ISP License in the USA?

Ray Orsini ray at orsiniit.com
Tue May 31 18:31:43 UTC 2016


Just to clarify. You don't need a SPIN (e-rate Service Provider
Identification Number) to provide service to those entities. You only need a
SPIN to qualify for USF/USAC funding for those entities. If they want to pay
full price (which some do) you don't need the SPIN. Applying for a SPIN is
extremely easy. Applying for e-rate funding, on the other hand, is usually
best done via a consultant. Thankfully that's the customer's problem, not
yours.

Regards,
Ray Orsini – CEO
Orsini IT, LLC – Technology Consultants
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-----Original Message-----
From: NANOG [mailto:nanog-bounces at nanog.org] On Behalf Of Dan White
Sent: Tuesday, May 31, 2016 2:25 PM
To: Lorell Hathcock <lorell at hathcock.org>
Cc: 'NANOG list' <nanog at nanog.org>
Subject: Re: ISP License in the USA?

Not familiar with the process, but look at E-rate if you want to provide
service to schools, libraries and health providers.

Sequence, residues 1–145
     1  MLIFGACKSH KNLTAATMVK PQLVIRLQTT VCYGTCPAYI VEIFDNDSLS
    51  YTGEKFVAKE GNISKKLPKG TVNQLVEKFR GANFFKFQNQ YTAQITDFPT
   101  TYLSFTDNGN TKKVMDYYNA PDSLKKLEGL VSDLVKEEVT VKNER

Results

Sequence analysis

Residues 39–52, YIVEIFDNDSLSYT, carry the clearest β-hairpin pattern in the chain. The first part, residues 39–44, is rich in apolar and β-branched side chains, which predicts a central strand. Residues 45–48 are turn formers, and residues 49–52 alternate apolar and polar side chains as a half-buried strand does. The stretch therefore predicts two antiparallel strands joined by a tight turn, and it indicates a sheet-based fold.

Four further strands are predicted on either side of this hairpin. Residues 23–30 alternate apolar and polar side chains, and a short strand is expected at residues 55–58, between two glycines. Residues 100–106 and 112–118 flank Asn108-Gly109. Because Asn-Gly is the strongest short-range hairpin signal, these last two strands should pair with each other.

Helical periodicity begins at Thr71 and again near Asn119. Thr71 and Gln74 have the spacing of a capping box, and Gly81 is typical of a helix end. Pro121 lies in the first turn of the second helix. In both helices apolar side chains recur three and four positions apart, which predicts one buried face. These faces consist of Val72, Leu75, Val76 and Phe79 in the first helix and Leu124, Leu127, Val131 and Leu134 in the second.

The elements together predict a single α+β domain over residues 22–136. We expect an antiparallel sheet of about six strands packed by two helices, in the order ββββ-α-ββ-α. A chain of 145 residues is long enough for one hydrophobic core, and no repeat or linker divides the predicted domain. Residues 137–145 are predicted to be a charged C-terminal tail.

On 05/31/16 13:14 -0500, Lorell Hathcock wrote:
>NANOG:
>
>Our owner has hired a consultant who insists that we should have an ISP
>license to operate in the United States.  (Like they have in other
>countries like Germany and in Africa where he has extensive personal
>experience.)
>
>I am asking him to tell me which license we should have because I don't
>know of a license that we are required to have to route IP traffic to
>end customers.
>
>I am familiar with CLEC status filed with our state.  But it is not a
>requirement to pass traffic.
>
>He is suggesting COALS with which I am completely unfamiliar.
>
>Can anyone tell me if there is a Texas state and/or USA Federal license
>for a small operator to pass IP traffic from the internet to end users
>(commercial and/or residential).
>
>I am aware that there are some CALEA requirements of ISPs that seem to
>kick in once a CALEA request is made, but is that different from a license.

--
Dan White
BTC Broadband


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